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  • 1
    ISSN: 0021-8995
    Keywords: Chemistry ; Polymer and Materials Science
    Source: Wiley InterScience Backfile Collection 1832-2000
    Topics: Chemistry and Pharmacology , Mechanical Engineering, Materials Science, Production Engineering, Mining and Metallurgy, Traffic Engineering, Precision Mechanics , Physics
    Notes: The effects of thermal and mechanical fatigue on the flexural strength of G40-600/PMR-15 cross-ply laminates with ply orientations of (02, 902)2s and (902, 02)2s are examined. The relative improtance of shear and tensile stresses is examined by varying the span-to-depth ratios of flexural test specimens from 8 to 45 Acoustic emission singals are measured during the flexural tests in order to monitor the initiation and growth of damage. Optical microscopy is used to examine speciments for resin cracking, delamination, and fiber breaks after testing. Transverse matrix cracks and delaminations occur in all specimens, for regardless of ply orientation, span-to-depth ratio, or previous exposure of specimens to thermal and mechanical fatigue. A small amount of fiber tensile fracture occurs in the outer 0° ply of specimens with high span-to-depth ratios. Because of the complex failure modes, the flexural test results represent the “apparent” strengths rather than the true flexural or shear strenghts for these cross-ply laminates. Thermal cycling of specimens prior to flexural testing does not reduce the apparent flexural strength or change the mode of failure. However, fewer acoustic events are recorded at all strins during flexural testing of specimens exposed to prior thermal cycling. High temperature thermal cycling (32-260°C, 100 cycles) causes a greater reduction in acoustic events than low temperature thermal cycling (-85 to 85°C, 500 cycles). Mechanical cycling (0-50% of the flexural strength, 100 cycles) has a similar effect, except that acoustic events are reduced only at strains less than the maximum strain applied during flexural fatigue. © 1994 John Wiley & Sons, Inc.This article is a US Government work and, as such, is in the public domain in the United States of America.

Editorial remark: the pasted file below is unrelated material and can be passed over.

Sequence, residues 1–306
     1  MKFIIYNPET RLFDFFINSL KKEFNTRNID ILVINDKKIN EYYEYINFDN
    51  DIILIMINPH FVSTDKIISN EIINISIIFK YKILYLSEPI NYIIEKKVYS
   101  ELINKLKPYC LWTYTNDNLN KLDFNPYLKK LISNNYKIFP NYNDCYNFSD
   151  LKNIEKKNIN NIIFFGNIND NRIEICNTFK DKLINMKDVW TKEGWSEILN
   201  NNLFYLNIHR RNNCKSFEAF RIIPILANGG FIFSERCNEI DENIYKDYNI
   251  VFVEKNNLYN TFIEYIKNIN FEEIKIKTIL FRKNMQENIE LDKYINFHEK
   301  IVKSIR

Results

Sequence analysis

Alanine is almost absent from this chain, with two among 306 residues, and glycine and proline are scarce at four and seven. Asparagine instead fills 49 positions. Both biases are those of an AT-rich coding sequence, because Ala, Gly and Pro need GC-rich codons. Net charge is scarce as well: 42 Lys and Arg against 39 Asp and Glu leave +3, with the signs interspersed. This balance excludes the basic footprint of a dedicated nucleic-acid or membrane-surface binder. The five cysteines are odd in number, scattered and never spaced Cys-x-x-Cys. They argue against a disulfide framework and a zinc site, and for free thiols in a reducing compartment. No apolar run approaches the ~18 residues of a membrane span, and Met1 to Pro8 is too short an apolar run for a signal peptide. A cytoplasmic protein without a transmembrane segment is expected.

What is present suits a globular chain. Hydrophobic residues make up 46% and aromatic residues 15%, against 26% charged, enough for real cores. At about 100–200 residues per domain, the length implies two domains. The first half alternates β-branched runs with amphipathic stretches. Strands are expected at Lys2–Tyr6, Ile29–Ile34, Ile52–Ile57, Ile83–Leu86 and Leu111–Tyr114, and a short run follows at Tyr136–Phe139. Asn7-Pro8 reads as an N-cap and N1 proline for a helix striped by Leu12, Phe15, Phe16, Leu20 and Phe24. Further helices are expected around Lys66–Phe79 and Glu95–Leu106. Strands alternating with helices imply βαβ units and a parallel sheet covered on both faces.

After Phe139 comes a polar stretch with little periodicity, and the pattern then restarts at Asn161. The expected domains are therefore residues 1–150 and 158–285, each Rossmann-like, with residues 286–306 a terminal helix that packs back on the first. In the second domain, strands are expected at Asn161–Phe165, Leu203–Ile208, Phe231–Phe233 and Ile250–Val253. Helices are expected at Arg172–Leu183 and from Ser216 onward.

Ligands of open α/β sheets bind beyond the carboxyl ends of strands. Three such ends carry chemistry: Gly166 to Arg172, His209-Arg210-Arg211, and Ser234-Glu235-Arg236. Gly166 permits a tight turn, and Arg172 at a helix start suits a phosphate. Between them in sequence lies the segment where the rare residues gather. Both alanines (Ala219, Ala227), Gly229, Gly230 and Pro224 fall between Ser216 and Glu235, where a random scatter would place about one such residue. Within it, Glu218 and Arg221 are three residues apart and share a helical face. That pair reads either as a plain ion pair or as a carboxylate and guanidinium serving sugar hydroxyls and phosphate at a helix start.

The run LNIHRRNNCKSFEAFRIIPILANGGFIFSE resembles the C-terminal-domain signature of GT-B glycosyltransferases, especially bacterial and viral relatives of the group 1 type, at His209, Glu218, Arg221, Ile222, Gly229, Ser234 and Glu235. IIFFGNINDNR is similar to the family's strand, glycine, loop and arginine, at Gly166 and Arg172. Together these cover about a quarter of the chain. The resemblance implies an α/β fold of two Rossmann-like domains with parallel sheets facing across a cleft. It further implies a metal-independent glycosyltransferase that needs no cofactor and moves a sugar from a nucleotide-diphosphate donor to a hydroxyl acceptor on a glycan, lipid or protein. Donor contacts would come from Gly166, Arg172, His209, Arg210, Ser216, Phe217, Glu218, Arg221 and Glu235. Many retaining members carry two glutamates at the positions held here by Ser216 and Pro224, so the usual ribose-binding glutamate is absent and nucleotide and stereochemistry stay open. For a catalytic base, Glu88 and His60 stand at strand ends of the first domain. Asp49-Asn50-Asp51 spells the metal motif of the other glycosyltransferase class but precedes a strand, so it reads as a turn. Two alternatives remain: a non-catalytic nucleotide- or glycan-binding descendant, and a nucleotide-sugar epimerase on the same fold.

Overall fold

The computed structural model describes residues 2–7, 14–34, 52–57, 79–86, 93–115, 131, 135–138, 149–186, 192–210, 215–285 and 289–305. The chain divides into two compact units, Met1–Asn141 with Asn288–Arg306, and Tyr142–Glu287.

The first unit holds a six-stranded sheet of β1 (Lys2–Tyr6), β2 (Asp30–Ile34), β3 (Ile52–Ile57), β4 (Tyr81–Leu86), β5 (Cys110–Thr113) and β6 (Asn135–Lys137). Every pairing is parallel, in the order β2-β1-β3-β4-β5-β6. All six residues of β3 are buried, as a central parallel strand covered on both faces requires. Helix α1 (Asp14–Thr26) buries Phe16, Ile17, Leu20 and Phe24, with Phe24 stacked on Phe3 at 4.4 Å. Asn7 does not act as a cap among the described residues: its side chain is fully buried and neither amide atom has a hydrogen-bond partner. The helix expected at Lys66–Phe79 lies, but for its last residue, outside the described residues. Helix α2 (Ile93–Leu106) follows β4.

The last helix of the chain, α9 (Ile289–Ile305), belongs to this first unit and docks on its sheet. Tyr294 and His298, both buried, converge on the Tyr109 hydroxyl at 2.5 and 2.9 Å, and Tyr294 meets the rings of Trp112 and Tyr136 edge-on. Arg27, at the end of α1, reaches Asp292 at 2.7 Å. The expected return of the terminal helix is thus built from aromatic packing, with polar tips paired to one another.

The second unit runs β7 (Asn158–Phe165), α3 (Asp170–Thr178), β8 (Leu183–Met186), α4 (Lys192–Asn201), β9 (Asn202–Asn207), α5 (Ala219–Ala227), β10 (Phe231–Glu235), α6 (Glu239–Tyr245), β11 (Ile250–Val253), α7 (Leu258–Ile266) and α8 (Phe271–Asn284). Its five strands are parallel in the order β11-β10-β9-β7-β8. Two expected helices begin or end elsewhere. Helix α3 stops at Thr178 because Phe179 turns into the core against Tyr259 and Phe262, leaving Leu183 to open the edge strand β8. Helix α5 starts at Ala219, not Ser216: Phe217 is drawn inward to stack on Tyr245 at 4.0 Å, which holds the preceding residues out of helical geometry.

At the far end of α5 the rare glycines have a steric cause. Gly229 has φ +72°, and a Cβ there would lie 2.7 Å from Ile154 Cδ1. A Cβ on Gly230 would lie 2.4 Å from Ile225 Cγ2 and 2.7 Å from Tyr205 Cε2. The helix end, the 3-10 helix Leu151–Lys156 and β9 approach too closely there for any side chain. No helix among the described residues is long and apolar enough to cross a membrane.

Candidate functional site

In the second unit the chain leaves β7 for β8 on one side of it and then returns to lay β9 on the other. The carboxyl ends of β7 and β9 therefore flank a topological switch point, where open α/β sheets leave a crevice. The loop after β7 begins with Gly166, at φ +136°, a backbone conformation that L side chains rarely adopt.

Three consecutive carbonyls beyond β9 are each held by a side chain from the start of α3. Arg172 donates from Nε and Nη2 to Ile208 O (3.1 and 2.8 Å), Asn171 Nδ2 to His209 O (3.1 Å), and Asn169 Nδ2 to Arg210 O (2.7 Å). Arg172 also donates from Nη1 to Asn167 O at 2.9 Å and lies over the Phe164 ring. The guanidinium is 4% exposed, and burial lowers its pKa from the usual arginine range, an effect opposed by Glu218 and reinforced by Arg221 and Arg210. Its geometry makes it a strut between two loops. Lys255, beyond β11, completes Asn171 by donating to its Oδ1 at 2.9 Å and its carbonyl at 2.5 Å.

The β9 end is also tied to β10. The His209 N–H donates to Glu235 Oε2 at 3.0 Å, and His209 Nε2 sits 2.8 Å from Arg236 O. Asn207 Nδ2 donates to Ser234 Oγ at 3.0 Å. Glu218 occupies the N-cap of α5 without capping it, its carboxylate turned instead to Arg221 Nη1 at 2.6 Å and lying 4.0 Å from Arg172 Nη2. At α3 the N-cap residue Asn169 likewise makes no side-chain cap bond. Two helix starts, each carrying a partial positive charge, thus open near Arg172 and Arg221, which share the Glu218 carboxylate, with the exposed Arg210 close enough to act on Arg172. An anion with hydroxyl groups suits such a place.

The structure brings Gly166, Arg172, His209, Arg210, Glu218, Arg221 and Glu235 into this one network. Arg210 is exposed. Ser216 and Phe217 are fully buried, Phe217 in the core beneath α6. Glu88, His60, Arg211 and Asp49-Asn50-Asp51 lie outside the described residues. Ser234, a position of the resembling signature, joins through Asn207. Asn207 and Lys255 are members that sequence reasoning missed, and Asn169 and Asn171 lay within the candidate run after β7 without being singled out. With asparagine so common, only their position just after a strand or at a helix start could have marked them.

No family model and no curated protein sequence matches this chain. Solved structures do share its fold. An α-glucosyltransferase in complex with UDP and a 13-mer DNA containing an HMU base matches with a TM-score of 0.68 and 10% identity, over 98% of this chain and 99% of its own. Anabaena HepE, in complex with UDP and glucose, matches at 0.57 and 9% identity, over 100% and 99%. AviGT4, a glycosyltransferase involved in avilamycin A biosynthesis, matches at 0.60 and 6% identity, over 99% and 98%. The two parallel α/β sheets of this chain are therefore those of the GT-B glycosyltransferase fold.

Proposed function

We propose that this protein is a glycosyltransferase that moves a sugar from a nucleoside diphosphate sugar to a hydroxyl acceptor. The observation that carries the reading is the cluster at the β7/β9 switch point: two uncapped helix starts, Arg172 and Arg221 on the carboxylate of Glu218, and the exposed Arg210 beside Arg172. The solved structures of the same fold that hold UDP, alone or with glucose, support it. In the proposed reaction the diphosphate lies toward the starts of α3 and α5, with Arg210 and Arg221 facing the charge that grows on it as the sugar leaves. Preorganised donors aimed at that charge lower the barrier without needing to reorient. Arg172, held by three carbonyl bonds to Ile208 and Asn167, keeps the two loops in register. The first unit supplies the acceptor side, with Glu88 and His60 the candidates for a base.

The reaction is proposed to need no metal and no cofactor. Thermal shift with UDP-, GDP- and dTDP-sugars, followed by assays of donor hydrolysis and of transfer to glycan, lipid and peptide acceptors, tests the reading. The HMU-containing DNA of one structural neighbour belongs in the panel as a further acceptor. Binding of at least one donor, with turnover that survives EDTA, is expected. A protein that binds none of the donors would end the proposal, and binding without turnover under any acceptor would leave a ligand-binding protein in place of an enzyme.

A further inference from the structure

Additional Material: 13 Ill.
    Type of Medium: Electronic Resource
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